In the play, as in Levinas's philosophy, the impossibility of nothingness "deprives suicide, which is the final mastery one can have over being, of its function of mastery" (Time and the Other 50). In seeking to become heroes, facing their deaths as their ownmost possibilities, the characters succeed in making themselves tragically helpless rather than heroic. After failing in their attempts to escape Being on their own, through suicide, the characters then turn to each other. This movement from tragic heroism to its even more tragic failure and on to recognition of others is a process, but as Gloucester's repeated attempts to end himself show, the process is not linear nor does it yield permanent results. Though Lear recognizes the Fool during the storm scene, he nevertheless reverts to metaphysical speculations, harangues against his daughters, and sermons on the injustice of the world, before recognizing Cordelia. The end of the final scene is particularly ambiguous, with efforts by the characters to assert themselves punctuated by moments of helplessness. Lear echoes the apocalypticism of the Old Testament prophets at his entrance: "Howl, howl, howl, howl!" (5.3.255; Milward 24-25; Jeremiah 25.34). The other characters on the stage recognize this as an ambiguous apocalypse. "Is this the promised end?" asks Kent, while Albany, like one of the earlier incarnations of Lear, calls for finality: "Fall and cease" (5.3.261-62). By asking for a mirror, Lear grasps at a last chance to show that Cordelia is still alive. Kent tries to impose himself on the scene of misery, asking Lear to recognize him. Lear's concentration flickers, and he accuses those who have interrupted his thoughts of causing Cordelia's death, as if his concentrated will was sufficient to keep her alive, or at least to imagine her alive. He returns to her within three lines, however, speaking to her familiarly, then drifting off into referring to her in the third person. His description of killing her executioner (5.3.272) leads him to a less than humble description of his youthful prowess, when he "with my good biting falchion / ... would have made him skip" (5.3.274-75). Lear may have killed to defend Cordelia, but his recollection of the action seems boastful, if not ludicrous. Immediately after these lines, however, Lear recognizes his age and weakness before acknowledging Kent: "I am old now / And these same crosses spoil me. Who are you?" (5.3.275-76). His engagement with those around him wavers yet again, and Albany declares that "vain it is / That we present us to him" (5.3.291-92), before laying down a new political order and promising to divide punishments and rewards. This speech is in turn interrupted by Lear, crying out against the death of Cordelia and briefly recognizing that she is dead regardless of what he does. Lear dies, in the Folio and most conflated texts, concentrating all his energies on the Other, looking to Cordelia or, at least, outwards: "Do you see this? Look on her: look, her lips, / Look there, look there!" (5.3.309-10). According to the stage direction in the Folio, this is the moment of Lear's death. But the Quarto text has no such stage direction and assigns him a further line, "Break, I prithee, break." Does Lear die concentrating entirely upon the Other or does he seek his death in calling on his own heart to break? If we follow Steven Urkowitz in believing that the Folio text represents authorial revisions (148-49), it would seem that Shakespeare meditated on this very question and decided that he would save Lear, like Cordelia, from the charge of having chosen his death. A similar question could be asked regarding Kent, to whom this line is transferred in the Folio text. If he also wishes to kill himself, his suicide is avoided not by way of a meta-theatrical trick, like Gloucester's, or an alteration of the source text, like Cordelia's, but simply by ending the play before he has a chance. While we do know that "his strings of life / Began to crack" earlier (5.3.215-16), and while he clearly accepts the summons to die with his last lines, the practicalities of how he is to answer it are left opaque, and he is not even allowed the initiative to obey.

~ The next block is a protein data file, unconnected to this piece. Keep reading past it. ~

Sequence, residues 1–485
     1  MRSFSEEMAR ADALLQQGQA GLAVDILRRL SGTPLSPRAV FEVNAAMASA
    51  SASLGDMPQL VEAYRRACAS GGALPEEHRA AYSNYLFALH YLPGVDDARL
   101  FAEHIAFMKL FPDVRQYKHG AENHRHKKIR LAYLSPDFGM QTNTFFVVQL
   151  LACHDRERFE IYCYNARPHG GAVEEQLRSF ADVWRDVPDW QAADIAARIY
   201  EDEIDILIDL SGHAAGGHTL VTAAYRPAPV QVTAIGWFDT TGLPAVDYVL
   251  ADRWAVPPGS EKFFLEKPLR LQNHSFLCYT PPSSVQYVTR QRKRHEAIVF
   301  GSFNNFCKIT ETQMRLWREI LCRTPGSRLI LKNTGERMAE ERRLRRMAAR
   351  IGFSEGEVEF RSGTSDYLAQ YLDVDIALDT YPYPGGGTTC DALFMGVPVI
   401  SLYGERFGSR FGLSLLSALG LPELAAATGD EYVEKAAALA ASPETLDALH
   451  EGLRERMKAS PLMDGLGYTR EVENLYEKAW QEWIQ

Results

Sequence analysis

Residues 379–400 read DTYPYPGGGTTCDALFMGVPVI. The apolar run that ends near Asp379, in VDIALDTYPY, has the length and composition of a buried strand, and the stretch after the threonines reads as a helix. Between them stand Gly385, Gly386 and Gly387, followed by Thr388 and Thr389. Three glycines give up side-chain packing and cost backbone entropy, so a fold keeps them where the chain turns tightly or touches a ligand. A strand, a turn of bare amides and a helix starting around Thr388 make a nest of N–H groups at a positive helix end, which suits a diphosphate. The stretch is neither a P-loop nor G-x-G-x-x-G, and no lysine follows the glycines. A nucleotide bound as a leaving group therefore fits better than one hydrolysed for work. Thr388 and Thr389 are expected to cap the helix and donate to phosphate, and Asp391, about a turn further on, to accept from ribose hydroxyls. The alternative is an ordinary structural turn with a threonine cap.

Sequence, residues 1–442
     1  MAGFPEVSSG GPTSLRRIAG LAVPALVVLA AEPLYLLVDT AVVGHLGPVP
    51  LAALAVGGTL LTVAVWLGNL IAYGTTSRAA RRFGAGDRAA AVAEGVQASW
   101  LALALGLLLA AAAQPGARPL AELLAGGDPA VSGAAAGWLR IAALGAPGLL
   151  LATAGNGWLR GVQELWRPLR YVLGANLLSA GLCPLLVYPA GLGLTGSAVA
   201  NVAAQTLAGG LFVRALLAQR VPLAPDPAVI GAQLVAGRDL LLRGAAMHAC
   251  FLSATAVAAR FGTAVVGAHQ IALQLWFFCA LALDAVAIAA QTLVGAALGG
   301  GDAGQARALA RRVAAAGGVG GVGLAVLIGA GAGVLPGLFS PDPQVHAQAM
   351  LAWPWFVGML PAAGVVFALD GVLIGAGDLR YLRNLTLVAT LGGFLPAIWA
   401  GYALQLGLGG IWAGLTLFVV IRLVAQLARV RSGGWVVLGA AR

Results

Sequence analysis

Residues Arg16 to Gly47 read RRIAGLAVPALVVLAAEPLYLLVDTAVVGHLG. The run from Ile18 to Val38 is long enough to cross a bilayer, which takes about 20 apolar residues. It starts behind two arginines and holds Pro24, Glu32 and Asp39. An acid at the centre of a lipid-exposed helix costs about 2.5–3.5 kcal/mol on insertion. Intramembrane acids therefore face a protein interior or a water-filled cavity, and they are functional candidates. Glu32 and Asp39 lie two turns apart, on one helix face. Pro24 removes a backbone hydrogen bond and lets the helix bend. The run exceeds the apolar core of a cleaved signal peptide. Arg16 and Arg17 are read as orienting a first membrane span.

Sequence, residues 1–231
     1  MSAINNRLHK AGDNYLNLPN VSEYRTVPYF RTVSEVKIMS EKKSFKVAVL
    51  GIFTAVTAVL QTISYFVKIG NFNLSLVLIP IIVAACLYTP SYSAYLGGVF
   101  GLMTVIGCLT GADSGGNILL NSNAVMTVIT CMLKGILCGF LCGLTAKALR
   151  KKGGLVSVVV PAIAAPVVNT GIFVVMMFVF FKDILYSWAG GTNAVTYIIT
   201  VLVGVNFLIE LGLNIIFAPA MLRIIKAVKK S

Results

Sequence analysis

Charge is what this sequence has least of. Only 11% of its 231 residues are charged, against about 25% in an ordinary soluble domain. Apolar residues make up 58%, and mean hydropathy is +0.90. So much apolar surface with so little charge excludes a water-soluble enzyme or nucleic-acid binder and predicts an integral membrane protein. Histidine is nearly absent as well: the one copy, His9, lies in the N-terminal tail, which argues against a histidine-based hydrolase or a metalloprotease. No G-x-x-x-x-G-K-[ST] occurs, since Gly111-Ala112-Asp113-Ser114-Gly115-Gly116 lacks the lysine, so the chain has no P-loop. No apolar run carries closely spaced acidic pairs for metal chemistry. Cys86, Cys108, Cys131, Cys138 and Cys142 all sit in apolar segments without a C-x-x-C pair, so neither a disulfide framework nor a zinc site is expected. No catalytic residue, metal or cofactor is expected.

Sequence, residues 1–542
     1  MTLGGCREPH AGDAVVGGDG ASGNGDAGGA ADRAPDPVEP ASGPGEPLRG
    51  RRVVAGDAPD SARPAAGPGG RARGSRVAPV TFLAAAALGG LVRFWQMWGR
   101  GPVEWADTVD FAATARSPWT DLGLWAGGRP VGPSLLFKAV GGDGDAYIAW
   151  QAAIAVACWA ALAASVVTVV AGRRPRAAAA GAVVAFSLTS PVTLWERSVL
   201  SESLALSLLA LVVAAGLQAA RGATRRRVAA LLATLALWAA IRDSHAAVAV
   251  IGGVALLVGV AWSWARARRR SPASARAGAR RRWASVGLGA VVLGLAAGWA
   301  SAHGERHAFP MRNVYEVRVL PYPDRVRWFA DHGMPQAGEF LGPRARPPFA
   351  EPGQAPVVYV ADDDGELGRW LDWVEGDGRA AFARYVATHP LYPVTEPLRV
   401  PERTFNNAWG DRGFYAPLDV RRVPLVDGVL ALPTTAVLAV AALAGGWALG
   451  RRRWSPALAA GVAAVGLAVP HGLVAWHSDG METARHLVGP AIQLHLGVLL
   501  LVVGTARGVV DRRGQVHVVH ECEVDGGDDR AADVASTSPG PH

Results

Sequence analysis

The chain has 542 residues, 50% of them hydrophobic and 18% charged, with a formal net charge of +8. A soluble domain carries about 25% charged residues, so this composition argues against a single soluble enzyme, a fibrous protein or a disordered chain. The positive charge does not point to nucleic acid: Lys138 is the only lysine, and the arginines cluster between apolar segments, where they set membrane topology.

The characters in King Lear are unable to escape Being by their own efforts. If the freedom of the tragic hero is central to tragic theory, then the play is a very unusual tragedy indeed. Shakespeare's play can be understood as a meditation upon the limits and ethics of freedom, and therefore of the tragic genre, in which tragic heroism is rejected in favour of tragic helplessness, the tragedy of being. The characters find peace not in choosing death but in recognizing others. Lear is not an existential tragedy, illustrating the authenticity of individuals, any more than it is a nineteenth-century tragedy that displays the "inherent qualities" of the characters. Rather, it is an ethical tragedy, about the need to acknowledge the Other.